The American Planning Association's (APA) Growing Smart Legislative Guidebook is chock full of egregious assaults on property rights. Those flaws also expose some major inconsistencies:
Highlighting reasons for a new vision of planning, the APA observes, "A marked shift in society's view of land. People no longer believe, as they did in the nineteenth century, that land is something merely to be bought and sold." (preface xxix).
The APA cites the more progressive view that land is a "resource." In their considerations of land use, they mention swamps ("wetlands"), "scenic beauty," affordable housing, agriculture, density, and air pollution. As in most of the reports' recommendations, heavy emphasis is placed on environmental concerns while economic consequences and property rights are virtually ignored.
- The APA planning document contradicts its own account of local and regional diversity.
On one hand, the APA demands rigid compliance to a uniform standard: "Vertical consistency is the concept that regional and local plans be consistent with state plans and vice-versa" (preface xliv).
But through a system that stifles innovation, planners suggest that local adaptation can occur, "Governments are empowered with a range of planning tools to manage growth and change locally to create quality communities. (preface xlv)"
The report cannot decide rather it favors or opposes adjustments by communities to solve local problems.
- Growing Smart conflates state, regional, and local government. By viewing development as the static activity of planning, the document cannot account for differences due to markets, businesses, and consumers.
"The problem statement must be tailored to the individual state, reflecting its unique range of issues. Sustained growth has been a reform stimulus in many regions of the nation, particularly in coastal states; other areas are excluded from the boom. For example, in West Virginia, the eastern panhandle, which is under the influence of the Washington, D.C., metropolitan area, is growing rapidly, but the remainder of the state is not, thereby creating differences in perception of the need for statutory change" (1-9).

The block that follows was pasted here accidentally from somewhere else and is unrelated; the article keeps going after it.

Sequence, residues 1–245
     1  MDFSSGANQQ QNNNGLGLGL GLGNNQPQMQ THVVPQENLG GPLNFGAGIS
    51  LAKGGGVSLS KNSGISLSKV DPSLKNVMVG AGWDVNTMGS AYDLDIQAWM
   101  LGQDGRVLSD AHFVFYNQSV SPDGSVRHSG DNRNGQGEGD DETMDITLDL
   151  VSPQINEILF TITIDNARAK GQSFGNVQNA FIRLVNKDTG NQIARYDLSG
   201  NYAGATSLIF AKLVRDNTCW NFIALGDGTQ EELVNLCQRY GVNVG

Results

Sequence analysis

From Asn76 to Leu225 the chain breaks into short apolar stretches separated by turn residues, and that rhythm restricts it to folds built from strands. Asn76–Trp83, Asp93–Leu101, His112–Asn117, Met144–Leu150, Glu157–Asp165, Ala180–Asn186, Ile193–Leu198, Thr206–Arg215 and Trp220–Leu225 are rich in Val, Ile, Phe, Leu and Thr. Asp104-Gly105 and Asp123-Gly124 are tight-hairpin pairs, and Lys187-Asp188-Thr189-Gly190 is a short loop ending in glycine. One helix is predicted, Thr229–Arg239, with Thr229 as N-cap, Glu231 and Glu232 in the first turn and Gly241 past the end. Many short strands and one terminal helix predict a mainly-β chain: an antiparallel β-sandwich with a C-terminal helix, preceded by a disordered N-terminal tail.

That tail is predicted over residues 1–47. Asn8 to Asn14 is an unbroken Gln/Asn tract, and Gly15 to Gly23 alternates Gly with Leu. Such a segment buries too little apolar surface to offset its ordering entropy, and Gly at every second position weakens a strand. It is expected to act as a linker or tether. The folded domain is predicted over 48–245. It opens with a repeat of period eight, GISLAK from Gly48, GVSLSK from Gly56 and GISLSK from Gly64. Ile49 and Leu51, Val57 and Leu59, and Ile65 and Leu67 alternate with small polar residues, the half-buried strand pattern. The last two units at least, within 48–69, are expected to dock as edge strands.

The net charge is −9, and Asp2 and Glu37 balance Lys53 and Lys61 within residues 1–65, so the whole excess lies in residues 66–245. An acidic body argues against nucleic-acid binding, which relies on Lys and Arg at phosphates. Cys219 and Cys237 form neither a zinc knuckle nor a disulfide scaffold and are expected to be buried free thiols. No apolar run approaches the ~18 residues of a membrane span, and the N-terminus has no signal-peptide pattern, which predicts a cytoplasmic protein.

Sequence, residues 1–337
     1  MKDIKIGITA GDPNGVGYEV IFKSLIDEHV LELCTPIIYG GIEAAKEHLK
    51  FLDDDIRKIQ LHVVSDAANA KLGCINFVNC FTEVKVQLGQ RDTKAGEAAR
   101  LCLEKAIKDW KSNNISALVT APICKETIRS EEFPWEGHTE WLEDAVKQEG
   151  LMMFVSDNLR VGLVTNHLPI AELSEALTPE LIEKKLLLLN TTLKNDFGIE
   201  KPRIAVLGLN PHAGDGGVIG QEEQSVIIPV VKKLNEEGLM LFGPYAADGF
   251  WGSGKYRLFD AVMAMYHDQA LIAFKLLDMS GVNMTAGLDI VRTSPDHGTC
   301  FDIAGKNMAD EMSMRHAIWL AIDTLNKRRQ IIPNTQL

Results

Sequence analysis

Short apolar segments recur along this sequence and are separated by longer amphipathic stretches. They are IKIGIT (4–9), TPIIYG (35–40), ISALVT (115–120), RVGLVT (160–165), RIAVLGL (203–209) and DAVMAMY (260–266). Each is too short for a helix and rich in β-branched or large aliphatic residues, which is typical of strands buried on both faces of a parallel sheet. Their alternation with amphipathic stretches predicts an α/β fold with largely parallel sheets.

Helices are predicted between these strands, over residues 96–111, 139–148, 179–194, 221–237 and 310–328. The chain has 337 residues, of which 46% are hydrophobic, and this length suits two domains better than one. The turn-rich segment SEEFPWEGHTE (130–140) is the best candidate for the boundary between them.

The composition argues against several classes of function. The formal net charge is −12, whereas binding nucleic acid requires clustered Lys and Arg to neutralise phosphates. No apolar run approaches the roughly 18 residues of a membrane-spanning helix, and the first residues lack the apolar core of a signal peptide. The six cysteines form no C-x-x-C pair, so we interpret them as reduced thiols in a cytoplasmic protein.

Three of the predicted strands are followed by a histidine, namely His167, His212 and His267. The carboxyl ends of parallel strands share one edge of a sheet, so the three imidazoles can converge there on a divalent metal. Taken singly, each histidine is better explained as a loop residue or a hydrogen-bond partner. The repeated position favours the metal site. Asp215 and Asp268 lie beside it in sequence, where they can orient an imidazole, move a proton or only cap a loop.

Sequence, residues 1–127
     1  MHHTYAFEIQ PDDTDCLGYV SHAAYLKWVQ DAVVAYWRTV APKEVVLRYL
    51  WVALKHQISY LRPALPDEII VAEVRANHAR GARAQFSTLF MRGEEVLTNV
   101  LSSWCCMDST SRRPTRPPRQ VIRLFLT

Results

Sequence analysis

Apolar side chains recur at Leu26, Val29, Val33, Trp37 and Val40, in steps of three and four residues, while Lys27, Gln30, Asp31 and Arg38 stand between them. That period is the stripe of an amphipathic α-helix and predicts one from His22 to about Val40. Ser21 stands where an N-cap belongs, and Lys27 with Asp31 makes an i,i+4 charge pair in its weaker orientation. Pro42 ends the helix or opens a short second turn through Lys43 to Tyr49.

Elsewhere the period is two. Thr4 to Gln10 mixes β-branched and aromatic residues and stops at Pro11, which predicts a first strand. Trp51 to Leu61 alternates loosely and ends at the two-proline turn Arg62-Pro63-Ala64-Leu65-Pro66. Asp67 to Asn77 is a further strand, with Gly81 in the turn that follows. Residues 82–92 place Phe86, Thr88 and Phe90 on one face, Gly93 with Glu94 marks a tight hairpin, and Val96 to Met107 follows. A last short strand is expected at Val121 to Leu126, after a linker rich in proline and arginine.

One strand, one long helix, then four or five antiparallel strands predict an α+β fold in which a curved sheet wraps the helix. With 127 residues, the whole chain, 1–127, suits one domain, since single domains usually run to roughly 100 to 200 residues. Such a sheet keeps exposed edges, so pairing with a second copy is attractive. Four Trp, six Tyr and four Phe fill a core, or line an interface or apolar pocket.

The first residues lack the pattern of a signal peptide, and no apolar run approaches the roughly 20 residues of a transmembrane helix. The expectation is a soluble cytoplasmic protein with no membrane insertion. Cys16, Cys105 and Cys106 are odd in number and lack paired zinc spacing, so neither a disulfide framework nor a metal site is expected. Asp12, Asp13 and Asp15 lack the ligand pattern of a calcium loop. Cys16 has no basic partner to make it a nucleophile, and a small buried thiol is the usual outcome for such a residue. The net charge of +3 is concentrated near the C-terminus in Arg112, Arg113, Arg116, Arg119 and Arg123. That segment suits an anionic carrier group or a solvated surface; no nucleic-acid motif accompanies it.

The example of regional diversity in West Virginia reveals the inefficiency of "vertical consistency." While admitting the presence of varying local needs, the APA requires planning decisions at the state level. The report satisfies this logical inconsistency by omitting influences other than planners' desires.
- The APA endorses draconian measures to enact their idealized planning goals.
Lauding the American law Institute's Model Land Development Code, planners unabashedly support enforcement through the use of "enforcement orders" (11-4).
The sample statute reads,
"If the persons subject to the enforcement order have not complied by the date set in the order, the local government may enter upon the land in question and act to put it in compliance. The government also has a right to be compensated by the persons subject to the order for the expenses related to such an action and can place a lien on the property to enforce that right. Fines collectable in civil proceedings may also penalize noncompliance by the set date of the order. This fine is initially $500 and $200 per day of continuing violation. If the person is found to be a "persistent offender," the fine may be increased up to twice the gain the offender has made from his or her violation" (11-5).
They praise as "innovative" a 1997 Maryland law which "authorizes municipalities, in cases of zoning violations, to 'provide for punishment by fine or imprisonment or both' and 'to provide civil penalties for such violation'" (11-5).